5 Tips to Improve Your Credit Score
Credit scores are the all important factor in a lot of things in life. They can determine whether an individual gets their dream home and for some professions if they get hired or fired. They’re a big decision maker on whether or not someone is ready for retirement, and any time a loan is made they help determine the interest rate. However, nearly 60% of Americans say they do not know their credit score! Good news is, there are a few simple ways to raise a credit score, and continue to improve it.
5.) Pay Bills
This might be the easiest, and most certainly the most common knowledge, but it is also the most important factor which determines a person’s credit rating. Late payments will make a blemish on credit. These start at 30 days of delinquency. A single late payment can stay on a credit score for up to 7 years! What’s more, if it’s 90 days late, this can be seen as a frequent offense and can often times be as damaging to your credit as a collection or tax lien!
So why do late payments make such a big impact on credit? Well, late payments can indicate that someone frequently makes poor decisions financially. Perhaps they bite off more than they can chew or are bad at managing money. In fact, when getting a home loan or refinancing a home, frequent late payments on a credit score can disqualify a potential applicant, even if their credit score was qualifying. From the lender’s point of view, it’s easy to see why. Someone whose credit is low, but makes their payments on time every month, would be a better applicant for a loan than someone who has plenty of late payments but whose score is a little higher. Paying bills within the same month they are due is the best way to avoid these problems.
4.) Keep Balances Low
If you asked a random person on the street if credit cards were bad, most of them would probably tell you, yes! Yet, 8 out of 10 Americans are in debt. The reason for many of them is credit cards. Credit cards can be helpful for establishing credit, however it is good to understand how credit card debt (often times called revolving debt) affects a credit score. The rule of thumb for many people, is to keep the debt under 30% of the total utilization, but others suggest keeping utilization below 20% is more realistic. The reasoning is straight-forward: those who have higher credit scores typically have underutilized credit.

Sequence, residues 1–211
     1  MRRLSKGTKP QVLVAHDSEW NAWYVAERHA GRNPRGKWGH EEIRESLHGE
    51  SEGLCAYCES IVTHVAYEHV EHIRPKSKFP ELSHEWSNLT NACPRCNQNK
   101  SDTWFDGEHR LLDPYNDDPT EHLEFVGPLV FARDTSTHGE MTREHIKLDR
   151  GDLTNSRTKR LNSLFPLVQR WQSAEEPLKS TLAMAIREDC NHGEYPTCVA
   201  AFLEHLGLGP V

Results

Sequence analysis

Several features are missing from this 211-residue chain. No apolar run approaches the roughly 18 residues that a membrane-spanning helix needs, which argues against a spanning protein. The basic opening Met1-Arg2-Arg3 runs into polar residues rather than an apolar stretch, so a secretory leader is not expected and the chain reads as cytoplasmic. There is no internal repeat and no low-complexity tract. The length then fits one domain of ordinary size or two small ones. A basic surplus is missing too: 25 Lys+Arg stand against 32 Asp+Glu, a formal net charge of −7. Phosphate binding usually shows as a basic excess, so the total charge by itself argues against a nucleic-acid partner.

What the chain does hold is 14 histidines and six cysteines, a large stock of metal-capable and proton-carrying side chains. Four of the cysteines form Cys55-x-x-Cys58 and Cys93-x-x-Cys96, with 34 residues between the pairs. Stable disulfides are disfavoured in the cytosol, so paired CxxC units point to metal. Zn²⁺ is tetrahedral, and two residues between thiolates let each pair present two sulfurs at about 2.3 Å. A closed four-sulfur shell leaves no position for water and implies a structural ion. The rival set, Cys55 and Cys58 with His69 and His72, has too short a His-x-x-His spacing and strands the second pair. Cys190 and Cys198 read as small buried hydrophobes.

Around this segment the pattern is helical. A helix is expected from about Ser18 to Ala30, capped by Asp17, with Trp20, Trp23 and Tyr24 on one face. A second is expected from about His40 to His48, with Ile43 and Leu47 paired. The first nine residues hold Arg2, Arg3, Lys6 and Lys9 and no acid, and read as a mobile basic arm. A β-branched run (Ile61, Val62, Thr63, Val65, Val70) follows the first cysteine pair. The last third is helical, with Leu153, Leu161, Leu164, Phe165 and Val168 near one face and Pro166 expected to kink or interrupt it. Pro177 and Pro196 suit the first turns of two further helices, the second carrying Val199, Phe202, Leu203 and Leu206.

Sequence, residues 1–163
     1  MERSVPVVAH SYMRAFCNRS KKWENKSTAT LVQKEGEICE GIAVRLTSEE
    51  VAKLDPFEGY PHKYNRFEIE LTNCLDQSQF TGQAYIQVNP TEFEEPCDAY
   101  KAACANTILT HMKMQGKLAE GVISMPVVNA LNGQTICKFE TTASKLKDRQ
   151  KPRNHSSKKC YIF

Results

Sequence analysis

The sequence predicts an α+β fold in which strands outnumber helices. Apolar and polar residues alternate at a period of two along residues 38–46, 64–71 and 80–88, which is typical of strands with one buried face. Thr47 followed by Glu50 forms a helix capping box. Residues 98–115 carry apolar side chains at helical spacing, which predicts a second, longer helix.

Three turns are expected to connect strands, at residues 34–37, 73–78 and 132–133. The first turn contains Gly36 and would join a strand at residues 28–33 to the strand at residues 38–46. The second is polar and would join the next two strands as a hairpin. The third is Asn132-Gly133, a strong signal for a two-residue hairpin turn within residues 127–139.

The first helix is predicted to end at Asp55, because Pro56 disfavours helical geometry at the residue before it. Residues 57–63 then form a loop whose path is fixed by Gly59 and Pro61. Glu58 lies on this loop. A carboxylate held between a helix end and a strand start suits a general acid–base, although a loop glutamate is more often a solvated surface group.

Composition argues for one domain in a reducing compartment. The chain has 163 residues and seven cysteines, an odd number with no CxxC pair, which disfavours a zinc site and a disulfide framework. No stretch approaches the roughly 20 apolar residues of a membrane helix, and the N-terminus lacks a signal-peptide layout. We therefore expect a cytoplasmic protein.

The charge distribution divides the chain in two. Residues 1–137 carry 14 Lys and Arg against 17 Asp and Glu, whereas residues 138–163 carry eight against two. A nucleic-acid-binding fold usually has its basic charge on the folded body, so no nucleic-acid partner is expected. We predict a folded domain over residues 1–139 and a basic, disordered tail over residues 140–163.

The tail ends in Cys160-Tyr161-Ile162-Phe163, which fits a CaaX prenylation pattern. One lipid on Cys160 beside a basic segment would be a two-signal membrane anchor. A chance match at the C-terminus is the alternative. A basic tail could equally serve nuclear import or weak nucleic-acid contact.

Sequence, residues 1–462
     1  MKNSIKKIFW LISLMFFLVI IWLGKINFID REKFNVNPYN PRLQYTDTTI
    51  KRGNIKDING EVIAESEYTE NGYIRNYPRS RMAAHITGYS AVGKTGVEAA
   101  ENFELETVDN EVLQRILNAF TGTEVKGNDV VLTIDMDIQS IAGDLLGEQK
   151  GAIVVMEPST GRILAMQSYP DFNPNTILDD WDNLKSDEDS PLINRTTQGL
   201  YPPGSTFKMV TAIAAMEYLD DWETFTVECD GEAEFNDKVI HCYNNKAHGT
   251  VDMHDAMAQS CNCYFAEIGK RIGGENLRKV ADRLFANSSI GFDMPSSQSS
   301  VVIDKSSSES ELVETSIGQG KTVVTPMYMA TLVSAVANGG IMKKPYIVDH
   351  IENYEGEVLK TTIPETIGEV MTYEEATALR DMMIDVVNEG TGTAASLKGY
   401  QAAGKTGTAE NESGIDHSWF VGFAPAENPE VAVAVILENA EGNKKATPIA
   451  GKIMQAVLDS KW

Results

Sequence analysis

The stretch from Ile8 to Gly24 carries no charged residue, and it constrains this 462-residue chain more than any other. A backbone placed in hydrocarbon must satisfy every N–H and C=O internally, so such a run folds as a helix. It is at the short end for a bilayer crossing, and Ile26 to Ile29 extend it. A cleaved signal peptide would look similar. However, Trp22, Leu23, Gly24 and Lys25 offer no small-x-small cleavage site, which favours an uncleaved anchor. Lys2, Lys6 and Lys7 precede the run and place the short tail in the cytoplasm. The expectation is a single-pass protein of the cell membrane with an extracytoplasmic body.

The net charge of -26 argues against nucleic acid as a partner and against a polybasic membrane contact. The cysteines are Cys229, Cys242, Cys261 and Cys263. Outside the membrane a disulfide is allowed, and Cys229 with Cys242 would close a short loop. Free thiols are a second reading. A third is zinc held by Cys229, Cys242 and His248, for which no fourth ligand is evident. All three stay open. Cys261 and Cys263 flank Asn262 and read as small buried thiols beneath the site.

In a hypothetical example of how this works, let’s say you have a credit card with a $10,000 limit. As long as you keep the balance beneath $2,000 every month, this will continue to build positive credit. Purchasing only things you can afford, will certainly help, and also using your cards sparingly will keep this debt down.
3.) Diversify Credit
This tip might seem more at home in a stock portfolio, but it works well on helping improve your credit as well! The idea is to have a few different types of credit because it shows lenders that one is responsible with managing a wide variety of debt. Some good examples would be revolving debt, an auto loan, and a mortgage. Borrowers do not want too many items on their credit report, but for the ones that are there–make sure to manage responsibly. The ideal number for each person is going to be different. The important piece is to make sure the amount of monthly credit is handled effectively.
2.) Not all Credit is Created Equal
You might have heard that “revolving debt is worse than installment debt”. This isn’t necessarily true and it all depends on the person. Unlike installment debt, which has a fixed payment which will end when the item is paid off, revolving debt typically has payments which rise or fall with the amount owed. This coupled with the information above on keeping your balances under-utilized, means that revolving debt can make for a really bad time if it is used incorrectly. In fact revolving debt has the potential to do big damage to your credit score.
Also worth noting is that old accounts are almost always better than new accounts. It is important to keep the older accounts going for long periods of time. That credit card opened as a teenager, if used well, can make for a big positive impact on a credit score for years to come. New lines of credit can look bad to a lender. It could signify that you don’t currently have the money to pay for the items you’re looking to buy.
Another thing to consider is “good debt”. Good debt is anything that is designed to create a positive return. This could be your student loans, a mortgage, or a home equity loan. It’s always better to have a home equity loan on your report, than maxed out credit cards.
1.) Remove Bad Debt
If you’ve found yourself in the unenviable position to have plenty of bad debt, or high balance revolving debt, it might be worth considering a home debt consolidation loan. Using the equity in your home, you could pay down the balances on the credit cards, and therefore not have a mountain of debt on your back.
With a home refinance or home equity loan, it is common for borrowers to save hundreds of dollars a month and have a better financial future. The easiest way to see if you qualify is to speak with a licensed Loan Advisor who can send you a consumer copy of your credit score and provide an in depth financial analysis.